The authors note that the study included children with core autism symptoms rather than wider autism spectrum disorder, and therefore cannot be sure how these results would apply to children with less severe symptoms. They also add that the study was a follow-up at age 7-11 years so does not provide information in how children's symptoms will develop in adulthood.

Writing in a linked Comment, Professor Jeff Sigafoos and Dr Hannah Waddington, School of Education, Victoria University of Wellington, Wellington, New Zealand, say that the authors of the study "have made a major contribution to autism research by providing new high-quality evidence to support the potential value of adding the PACT intervention to educational services for young with autism spectrum disorder. Future research of this type could advance science by attempting to isolate the critical treatment components and mechanisms underlying sustained treatment gains. (The authors) suggest that their positive long-term outcomes stemmed from optimisation of parent-child social communicative interactions, which then become self-sustaining. Another possibility is that early interventions of this type enable neural development and normalise brain activity. Of course these two possible mechanisms are neither mutually exclusive nor exhaustive. Still, the emerging evidence favouring the PACT intervention and similar programmes suggests that some major, yet undetermined, developmental mechanism might be involved."

Explore further: Early intervention improves long-term outcomes for children with autism

More information: The Lancet, … (16)31229-6/fulltext

Related Stories

Early intervention improves long-term outcomes for children with autism

June 9, 2015
Early intervention for toddlers with autism spectrum disorder helps improve their intellectual ability and reduces autism symptoms years after originally getting treatment, a new study shows.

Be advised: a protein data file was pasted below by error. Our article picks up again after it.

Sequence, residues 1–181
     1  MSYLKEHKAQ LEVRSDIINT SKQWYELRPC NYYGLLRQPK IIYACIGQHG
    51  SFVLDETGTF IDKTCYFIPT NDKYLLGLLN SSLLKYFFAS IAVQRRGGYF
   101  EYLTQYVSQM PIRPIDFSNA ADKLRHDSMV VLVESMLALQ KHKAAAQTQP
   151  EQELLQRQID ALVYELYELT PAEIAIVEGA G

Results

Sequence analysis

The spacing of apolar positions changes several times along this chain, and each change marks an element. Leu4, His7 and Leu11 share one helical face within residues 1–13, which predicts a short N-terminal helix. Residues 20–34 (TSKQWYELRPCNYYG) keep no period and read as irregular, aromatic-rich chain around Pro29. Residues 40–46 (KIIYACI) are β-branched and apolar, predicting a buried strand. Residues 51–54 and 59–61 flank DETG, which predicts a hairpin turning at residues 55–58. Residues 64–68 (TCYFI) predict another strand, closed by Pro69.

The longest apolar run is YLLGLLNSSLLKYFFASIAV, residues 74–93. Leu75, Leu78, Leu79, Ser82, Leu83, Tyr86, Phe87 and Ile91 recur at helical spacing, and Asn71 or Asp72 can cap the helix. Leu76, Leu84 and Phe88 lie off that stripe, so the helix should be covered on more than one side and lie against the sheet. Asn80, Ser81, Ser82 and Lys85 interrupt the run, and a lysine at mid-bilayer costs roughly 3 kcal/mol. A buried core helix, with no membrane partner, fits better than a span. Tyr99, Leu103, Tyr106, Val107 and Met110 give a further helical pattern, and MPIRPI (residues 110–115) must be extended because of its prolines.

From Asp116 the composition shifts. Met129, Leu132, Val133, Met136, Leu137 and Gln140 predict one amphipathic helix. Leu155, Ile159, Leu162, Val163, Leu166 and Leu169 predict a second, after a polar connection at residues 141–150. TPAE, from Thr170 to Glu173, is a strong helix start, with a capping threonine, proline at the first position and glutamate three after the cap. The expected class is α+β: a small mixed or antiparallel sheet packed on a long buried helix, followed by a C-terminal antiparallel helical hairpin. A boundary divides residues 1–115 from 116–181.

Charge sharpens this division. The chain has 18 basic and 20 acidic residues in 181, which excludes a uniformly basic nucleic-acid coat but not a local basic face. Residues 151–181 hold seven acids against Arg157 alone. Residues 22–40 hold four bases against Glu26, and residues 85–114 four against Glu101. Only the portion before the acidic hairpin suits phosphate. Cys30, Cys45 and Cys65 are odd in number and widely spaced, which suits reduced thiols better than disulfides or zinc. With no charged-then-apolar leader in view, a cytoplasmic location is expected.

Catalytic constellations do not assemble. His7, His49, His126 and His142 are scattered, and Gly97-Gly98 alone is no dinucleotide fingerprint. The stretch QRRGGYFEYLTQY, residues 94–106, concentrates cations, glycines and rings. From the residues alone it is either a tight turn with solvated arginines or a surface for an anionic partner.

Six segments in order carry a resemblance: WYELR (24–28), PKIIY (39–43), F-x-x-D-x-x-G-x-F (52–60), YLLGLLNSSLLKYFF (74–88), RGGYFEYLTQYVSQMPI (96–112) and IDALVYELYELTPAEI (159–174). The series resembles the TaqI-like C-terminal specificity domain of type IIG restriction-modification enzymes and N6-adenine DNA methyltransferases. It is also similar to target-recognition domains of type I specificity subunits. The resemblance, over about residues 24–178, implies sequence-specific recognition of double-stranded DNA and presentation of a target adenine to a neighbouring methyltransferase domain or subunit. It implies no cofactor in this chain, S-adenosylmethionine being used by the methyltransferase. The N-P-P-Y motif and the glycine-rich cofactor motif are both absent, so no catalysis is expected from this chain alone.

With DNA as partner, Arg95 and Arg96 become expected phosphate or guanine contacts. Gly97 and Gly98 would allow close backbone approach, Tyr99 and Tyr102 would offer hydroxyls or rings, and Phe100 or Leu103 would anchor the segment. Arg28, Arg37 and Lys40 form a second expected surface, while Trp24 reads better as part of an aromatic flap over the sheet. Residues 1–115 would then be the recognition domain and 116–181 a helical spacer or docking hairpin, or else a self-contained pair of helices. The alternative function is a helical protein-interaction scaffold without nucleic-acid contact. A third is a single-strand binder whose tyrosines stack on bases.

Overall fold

Children with autism need intervention over a long period of time

March 24, 2016
9 out of 10 preschool children with autism still have major difficulties within the autism field at school age, despite having received early intervention. A majority of the parents stated that the children do not receive ...

New study aims to give children with autism the best start in life

October 20, 2016
A ground-breaking new study has been launched understand how to support families affected by autism as soon as they receive their diagnosis.

Helping children with autism transfer new communication skills from home to school

June 22, 2016
A new study is testing whether an intervention with parents and teachers can help children with autism transfer newly acquired social communication skills from home into school.

Intensive intervention by parents rather than clinicians best for autistic toddlers

November 4, 2014
For the first time, toddlers with autism have demonstrated significant improvement after intensive intervention by parents rather than clinicians, according to a new Florida State University study published online in the ...

Risk for autism increases for abandoned children placed in institutions

February 2, 2015
A recent study published in the February 2015 issue of the Journal of the American Academy of Child and Adolescent Psychiatry demonstrates that children who were abandoned to institutional care have an increased risk for ...

Recommended for you

Nearly imperceptible fluctuations in movement correspond to autism diagnoses

January 17, 2018
A new study led by researchers at Indiana University and Rutgers University provides the strongest evidence yet that nearly imperceptible changes in how people move can be used to diagnose neurodevelopmental disorders, including ...

Epigenetics study helps focus search for autism risk factors

January 16, 2018
Scientists have long tried to pin down the causes of autism spectrum disorder. Recent studies have expanded the search for genetic links from identifying genes toward epigenetics, the study of factors that control gene expression ...

Being bilingual may help autistic children

January 16, 2018
Children with Autism Spectrum Disorders (ASD) often have a hard time switching gears from one task to another. But being bilingual may actually make it a bit easier for them to do so, according to a new study which was recently ...

No rise in autism in US in past three years: study

January 2, 2018
After more than a decade of steady increases in the rate of children diagnosed with autism in the United States, the rate has plateaued in the past three years, researchers said Tuesday.

Autism therapy: Brain stimulation restores social behavior in mice

December 13, 2017
Scientists are examining the feasibility of treating autistic children with neuromodulation after a new study showed social impairments can be corrected by brain stimulation.

Social phobia linked to autism and schizophrenia

December 11, 2017
New Swinburne research shows that people who find social situations difficult tend to have similar brain responses to those with schizophrenia or autism.


Please sign in to add a comment. Registration is free, and takes less than a minute. Read more

Click here to reset your password.
Sign in to get notified via email when new comments are made.